A huge advantage of this standardisation initiative is that its open source, explains Douglas. “Our members, which tend to be from developed countries who’ve already gone through the process of developing solar, are happy and really delighted the Terrawatt Initiative and IRENA have opened this standardisation up to anybody. Organizations and companies from those emerging markets can use it themselves as a basis, an internationally agreed basis, for contractual relationships in solar.”
Another example of how the SESI contract templates will help lower solar costs was brought forward by Pham-Ba: “When you start to negotiate the project finance with the bank, you’re not only paying interest on the loan but you’re also paying fees for arrangement and negotiation of the contracts. Basically, if we can have some banks or most of the banks saying, ‘Well, we’re reducing maybe 80% of the fee just because the parties are using the standardized documentation’ it would be a complete change in the industry. A very rapid shift to this documentation is to be expected because no one wants to pay five times when they can only pay one.”
Sophie Dingenen of Bird & Bird elaborated saying, “If you look at the normal time frame project development goes through and the time that the negotiations of each of the agreements takes, the fact that we now are developing a very standard suite of contracts completely aligned even when we might have different contractors and banks and market parties as parties to the agreement” you can see a direct parallel between the intertwined and integrated contracts and the reduction of development costs. “The force majeure on one contract is completely aligned to the others. Where, for example, financing parties require certain availability guarantees to make sure revenues are there to cover the debts, this is worked into all of the contracts to make sure that there’s no gap between them from the first stage,” she explained.
“Once the agreements are all negotiated separately, then you put them together and there are not going to be holes in them” which can result in the financing party stipulating a return to the drawing table to re-negotiate the agreements. “That’s no long going to happen. It has an immediate effect on the transaction cost of the development of the solar projects, which kickstarts the solar industry,” said Dingenen.
All parties are able to rely on years of experience, not only on the contract side of things but mostly on the technical side of the solar market, Dingenen explained. “There’s a whole development of this suite of contracts that takes away a lot of risks, thereby increasing the appetite for market parties to invest more in the development of solar projects,” she said.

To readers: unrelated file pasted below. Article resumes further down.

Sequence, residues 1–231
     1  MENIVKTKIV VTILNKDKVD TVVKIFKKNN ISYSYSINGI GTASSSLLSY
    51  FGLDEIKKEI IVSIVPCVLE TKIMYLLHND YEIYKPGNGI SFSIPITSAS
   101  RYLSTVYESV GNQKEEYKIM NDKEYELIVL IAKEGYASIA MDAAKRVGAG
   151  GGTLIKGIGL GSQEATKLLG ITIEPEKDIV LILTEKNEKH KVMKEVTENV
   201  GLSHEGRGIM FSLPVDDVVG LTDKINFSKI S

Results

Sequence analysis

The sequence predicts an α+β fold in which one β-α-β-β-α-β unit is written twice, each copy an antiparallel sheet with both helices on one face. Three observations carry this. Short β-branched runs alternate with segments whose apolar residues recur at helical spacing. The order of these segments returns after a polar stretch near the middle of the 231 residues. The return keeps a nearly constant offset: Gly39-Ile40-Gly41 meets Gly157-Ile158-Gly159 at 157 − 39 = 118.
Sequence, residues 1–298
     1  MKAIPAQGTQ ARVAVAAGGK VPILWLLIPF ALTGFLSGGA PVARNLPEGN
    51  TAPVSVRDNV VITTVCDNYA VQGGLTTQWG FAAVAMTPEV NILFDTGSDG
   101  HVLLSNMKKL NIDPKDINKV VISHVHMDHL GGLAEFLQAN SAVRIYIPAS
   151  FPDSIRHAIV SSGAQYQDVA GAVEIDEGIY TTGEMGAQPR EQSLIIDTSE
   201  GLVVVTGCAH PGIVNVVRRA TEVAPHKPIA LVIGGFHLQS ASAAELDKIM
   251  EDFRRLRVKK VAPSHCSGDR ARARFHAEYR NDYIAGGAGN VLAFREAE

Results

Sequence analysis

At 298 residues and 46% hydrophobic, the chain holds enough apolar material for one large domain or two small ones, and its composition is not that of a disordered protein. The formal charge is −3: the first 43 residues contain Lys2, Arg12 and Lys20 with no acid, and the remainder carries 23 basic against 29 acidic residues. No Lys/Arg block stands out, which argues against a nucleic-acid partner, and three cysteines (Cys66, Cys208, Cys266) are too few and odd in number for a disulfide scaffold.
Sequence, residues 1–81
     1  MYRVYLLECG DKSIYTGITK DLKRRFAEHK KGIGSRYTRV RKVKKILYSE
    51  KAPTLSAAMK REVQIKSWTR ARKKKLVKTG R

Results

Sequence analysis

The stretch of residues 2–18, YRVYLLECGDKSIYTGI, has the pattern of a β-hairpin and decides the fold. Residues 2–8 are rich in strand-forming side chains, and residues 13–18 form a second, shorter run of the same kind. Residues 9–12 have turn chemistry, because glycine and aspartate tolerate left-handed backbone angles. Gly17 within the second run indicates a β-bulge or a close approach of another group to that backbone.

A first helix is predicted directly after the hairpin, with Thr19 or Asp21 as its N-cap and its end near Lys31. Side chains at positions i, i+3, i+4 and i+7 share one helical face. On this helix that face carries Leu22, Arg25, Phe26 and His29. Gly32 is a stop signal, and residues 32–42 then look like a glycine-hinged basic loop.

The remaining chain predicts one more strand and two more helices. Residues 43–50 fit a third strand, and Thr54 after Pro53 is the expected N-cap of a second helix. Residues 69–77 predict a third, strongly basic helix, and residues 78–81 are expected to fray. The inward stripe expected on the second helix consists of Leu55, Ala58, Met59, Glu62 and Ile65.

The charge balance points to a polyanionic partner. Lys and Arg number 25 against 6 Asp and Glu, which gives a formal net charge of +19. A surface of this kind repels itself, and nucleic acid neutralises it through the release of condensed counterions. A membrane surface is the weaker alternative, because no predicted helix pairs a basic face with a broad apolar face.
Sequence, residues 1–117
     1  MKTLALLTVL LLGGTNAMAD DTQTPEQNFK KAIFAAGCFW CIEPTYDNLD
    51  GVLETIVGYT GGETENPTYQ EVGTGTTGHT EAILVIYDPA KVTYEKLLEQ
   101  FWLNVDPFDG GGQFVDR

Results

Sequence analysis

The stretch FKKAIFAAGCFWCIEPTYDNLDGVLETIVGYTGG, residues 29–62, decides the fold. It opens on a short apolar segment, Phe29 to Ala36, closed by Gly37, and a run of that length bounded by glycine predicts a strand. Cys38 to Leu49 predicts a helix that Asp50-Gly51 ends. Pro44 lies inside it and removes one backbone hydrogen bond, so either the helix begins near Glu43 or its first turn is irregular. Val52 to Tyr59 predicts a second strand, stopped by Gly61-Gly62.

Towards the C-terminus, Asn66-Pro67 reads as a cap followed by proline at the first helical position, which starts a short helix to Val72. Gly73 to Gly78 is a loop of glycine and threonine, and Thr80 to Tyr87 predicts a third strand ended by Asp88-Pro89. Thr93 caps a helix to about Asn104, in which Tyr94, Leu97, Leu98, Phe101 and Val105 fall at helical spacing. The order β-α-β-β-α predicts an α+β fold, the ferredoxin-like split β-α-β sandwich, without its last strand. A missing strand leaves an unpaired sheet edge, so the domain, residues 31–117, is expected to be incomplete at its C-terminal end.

The reduction or equal allocation of risk to all parties is also part of the O&M contract template. Maintenance contracts will be initially more relevant in developed solar markets, points out Douglas saying, “where there’s already a significant solar installation, those contracts for operation and maintenance are crucial, from a transactional point of view, to simplify the process.”
The protection of lenders and owners from risk is part of three key elements highlighted in the O&M Standard Contract. The others include the introduction of enough flexibility in the contract to allow for Lenders and Owners to switch their Contractors without the burden of “change management” and the goal to help regulate operations in a pragmatic way in order to minimize the cost of operations.
“This is going to be a key point for an exponential growth in this industry,” said Vassilis Papaeconomou. “We do see this growth in the last years but the growth has been driven from the cost reduction. We’re just missing the last important detail, which is standardisation, to make it really something that we further grow exponentially and sustainably on the whole planet.”
Connecting the Dots between COP23 and the Solar Industry
The average person in the solar industry doesn’t understand the implication of COP23 on their day-to-day business. Yet the global goals and the mechanics to reach those goals profoundly affect renewable energy development including solar. Reducing friction in the market for further solar deployment will impact industry players across the globe.
Pham-Ba explained, “Industry players do feel a little remote from the COP journey and the UNFCC conference of the parties, the 23rd. That’s precisely what we are trying to make is to connect the dots between what is, mainly an intergovernmental international process and the industry because these persons in the UNFCCC (The United Nations Framework Convention on Climate Change) and in these negotiations, the parties are negotiating climate goals.”
He went on, “The United Nations, in 2015, set the sustainable development goals and they are also setting general high goals, like the SEG7, to obtain affordable and reliable and modern energy for all or SEG13, which is climate actions. But beyond what these parties are negotiating and trying to organize from a governmental perspective, the feeling that we have is we concretely don’t really know how to achieve that. COP21 in Paris has given a real sense of political momentum, to the goals and the targets and what needs to be done in order reverse global warming.”
“Beyond the spreadsheets and the figures, it’s very difficult for them to know what to do. That’s precisely what the industry can do to help convert these general goals into concrete actions and concrete mechanisms in order to reach the level of development and deployment which is necessary to achieve these goals,” he said.
This is also a huge business opportunity, explained Pham-Ba. If stakeholders don’t understand the climate issue, “they definitely understand the business one.”